I am writing this on my iPad overlooking happy families, kayakers, and overly romantic couples on the edges of Laguna de Apoyo, Nicaragua. |Paradise| With increasing regularity, I have been receiving Instagram comments, private messages and texts with the not-so-subtle, "so are you working out there or, what are you doing exactly? I mean, how can you afford it?" In light of my new, mindset upgrade to seeing everything as glass half full, I perceive these questions not as low-key judgments, but rather as genuine interest and concern for my existence. Thus, I shall tell the masses some of my ways :)
What follows are the ways in which I have afforded backpacking only, from Australia 2014 to MesoAmerica 2014-2015, Europe 2016, Australia again and Sicily in 2017.
1. Choosing locations in which my dollar can go far. By far, I mean: a place where it's common to get a full meal for $6 or less, have accommodation for $10 or less per night, take public transportation for several cents, rent a bike for a day for $5 or less,and so on. (This wasn't Australia, but I had different benefits for those trips). When I'm home, I do my best to work daily for gig-type jobs in the evening and I substitute taught during the days. I have always been excellent at saving nickels and dimes, and when I'm saving for a trip, I am Queen of Frugality. I don't go anywhere, don't shop and may even pick up a side job.
2. Searching for work-away, volunteer opportunities or house sitting, which cuts the cost of accommodation (i.e., that second jaunt to Oz). Working away may also cut the food and laundry costs. For instance, I worked away in November and December of 2014 in Mexico and I spent about $200USD in each month. Mainly for ancillary and unnecessary stuff that kept my sanity, like a nice meal out or buckets of Nutella.
3. Couchsurfing. I couchsurfed at least five times between Oaxaca, Mexico southward to San Salvador, El Salvador. Being able to receive all the amenities that I would get at home with my family is NICE. I love couchsurfing. The main cost there is purchasing groceries to cook for yourself and your host at least one meal, or maybe even all of them (which I like doing). Sometimes they treat you entirely and nothing comes out of your pocket. #Lit. Also, staying in hostels for $10 or less nightly, that offer you a full kitchen are the absolute best. You save SO much by cooking for yourself and buying from local markets, if possible.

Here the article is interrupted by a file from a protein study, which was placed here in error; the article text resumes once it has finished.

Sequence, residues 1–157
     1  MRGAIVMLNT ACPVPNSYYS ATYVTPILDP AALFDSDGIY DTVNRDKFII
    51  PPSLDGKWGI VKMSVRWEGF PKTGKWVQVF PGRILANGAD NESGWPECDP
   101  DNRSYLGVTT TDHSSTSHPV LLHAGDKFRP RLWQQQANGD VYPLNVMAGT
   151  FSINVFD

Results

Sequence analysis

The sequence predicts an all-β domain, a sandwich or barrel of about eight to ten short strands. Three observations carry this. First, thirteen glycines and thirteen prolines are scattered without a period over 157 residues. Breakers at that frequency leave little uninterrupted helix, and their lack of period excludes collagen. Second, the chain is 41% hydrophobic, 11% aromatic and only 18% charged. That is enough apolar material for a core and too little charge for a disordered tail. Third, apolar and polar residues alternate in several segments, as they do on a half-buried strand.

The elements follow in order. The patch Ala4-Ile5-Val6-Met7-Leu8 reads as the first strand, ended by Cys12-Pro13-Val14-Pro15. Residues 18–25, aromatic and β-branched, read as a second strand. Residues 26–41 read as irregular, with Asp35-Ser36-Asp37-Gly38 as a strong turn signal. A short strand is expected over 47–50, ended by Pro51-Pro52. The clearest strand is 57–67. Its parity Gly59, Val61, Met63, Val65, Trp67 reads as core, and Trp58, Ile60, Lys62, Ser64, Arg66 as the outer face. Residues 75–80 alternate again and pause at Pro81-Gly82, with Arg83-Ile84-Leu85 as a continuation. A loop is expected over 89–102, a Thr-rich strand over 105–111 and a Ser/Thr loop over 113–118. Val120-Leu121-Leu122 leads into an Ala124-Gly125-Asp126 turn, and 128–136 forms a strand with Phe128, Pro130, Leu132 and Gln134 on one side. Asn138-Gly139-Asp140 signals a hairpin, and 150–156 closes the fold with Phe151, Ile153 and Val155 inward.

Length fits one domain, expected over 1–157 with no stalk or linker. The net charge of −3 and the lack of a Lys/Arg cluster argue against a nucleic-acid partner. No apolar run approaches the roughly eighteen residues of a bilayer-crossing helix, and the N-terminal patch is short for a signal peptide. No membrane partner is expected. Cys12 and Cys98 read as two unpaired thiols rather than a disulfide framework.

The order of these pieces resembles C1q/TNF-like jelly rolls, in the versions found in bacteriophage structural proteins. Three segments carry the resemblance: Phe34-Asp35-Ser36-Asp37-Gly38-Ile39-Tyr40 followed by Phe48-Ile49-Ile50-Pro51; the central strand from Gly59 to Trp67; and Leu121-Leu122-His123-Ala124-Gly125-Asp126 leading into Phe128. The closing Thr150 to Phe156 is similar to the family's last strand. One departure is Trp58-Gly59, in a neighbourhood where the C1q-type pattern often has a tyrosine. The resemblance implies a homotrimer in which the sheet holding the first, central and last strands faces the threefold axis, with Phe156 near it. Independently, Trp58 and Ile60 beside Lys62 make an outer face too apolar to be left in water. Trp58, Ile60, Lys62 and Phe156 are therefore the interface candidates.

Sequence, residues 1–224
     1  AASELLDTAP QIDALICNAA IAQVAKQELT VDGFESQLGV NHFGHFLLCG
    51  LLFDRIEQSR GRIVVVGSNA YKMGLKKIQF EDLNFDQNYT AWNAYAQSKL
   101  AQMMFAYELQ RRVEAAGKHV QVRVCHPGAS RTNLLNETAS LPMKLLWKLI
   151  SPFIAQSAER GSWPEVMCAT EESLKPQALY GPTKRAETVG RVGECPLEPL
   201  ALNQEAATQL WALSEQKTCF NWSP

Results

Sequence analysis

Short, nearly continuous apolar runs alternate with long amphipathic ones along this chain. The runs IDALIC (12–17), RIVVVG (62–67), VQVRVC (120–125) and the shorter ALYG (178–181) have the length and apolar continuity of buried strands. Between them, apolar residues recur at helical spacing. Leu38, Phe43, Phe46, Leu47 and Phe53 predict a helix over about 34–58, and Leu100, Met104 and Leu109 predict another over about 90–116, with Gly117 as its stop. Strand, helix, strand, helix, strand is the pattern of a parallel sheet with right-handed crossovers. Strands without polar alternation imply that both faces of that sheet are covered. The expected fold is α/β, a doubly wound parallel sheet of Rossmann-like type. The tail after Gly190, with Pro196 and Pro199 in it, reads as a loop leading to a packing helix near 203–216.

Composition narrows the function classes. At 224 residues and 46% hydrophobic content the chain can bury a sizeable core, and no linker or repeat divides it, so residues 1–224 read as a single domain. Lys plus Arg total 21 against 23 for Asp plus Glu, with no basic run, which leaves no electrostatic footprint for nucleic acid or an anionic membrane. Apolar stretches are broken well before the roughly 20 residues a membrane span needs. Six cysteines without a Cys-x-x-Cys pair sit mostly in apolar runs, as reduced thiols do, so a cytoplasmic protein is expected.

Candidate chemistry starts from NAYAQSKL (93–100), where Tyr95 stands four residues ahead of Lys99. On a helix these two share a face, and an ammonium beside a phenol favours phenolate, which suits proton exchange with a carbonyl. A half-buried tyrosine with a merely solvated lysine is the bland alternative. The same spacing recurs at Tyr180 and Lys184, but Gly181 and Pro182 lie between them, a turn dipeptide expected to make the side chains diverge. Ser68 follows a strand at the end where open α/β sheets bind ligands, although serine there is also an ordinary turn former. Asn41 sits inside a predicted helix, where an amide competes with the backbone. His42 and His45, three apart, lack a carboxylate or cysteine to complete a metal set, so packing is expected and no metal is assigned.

4. I also have a debit card that refunds me all my ATM fees on a monthly basis and a rewards credit card where I get travel credit (I have two credit cards that offer rewards). These types of cards in particular can help you A LOT.
5. Another aspect I recommend is avoiding tours like the plague. In some circumstances they are great, like when there's a language barrier and you feel you need to know the whole story. Fine, go for it. But I promise that you can go to a national park on your own, pay the negligible entrance fee, meander aimlessly for hours and get more out of it than someone who did a tour package for a measly two hours and had a poor tour guide that didn't even fully translate. I bet you can tell that that scene was a bitter lesson learned.
HOWEVER, free city tours are typically a good move. Big ups to Dino at Sofia City Tour
6. Refilling a non-plastic (cancer causing) water bottle instead of consistently buying anew
7. Carrying my own wet wipes - you can do all the things with these, including a makeshift shower. #Essential
8. Bringing sunblock and repellent from home (better yet -- make your own)
9. Bringing just a carry-on sized bag and smaller personal bag - if you’re backpacking and not living for months at a time!
10. Unlocking your smartphone and only using it when there's Wifi available or buy a local sim card
11. Budget. I use the website and app, Mint
12. Keep these essential oils on deck for any & all reasons: Tea Tree, Lemon, Lavender, Clove.
13. Hitchhiking is a common form of transit in many countries -- just be sensible. Don't be a solo female trying to find a ride at midnight and you can't speak the language.
*Originally posted on adventuresofv.com
Vik’s penchant for travel may or may not have truly begun with her 1st place win of the 5th grade Geography Bee. Semester at Sea & solo backpacking may have solidified the whole thing though ;) With 57 countries and 40 U.S. states on her passport, the tried and true ideal of 9-5 traditional adulting simply doesn’t fit. She’ll be in Australia in early 2017 perfecting her coffee snob proclivities, Aussie accent, & playing lots of beach volleyball. Later, if you’re so inclined, find her working as a program leader with Remote Year traversing the globe on: adventuresofv.com & @adventuresOFv. She hopes to hear from you!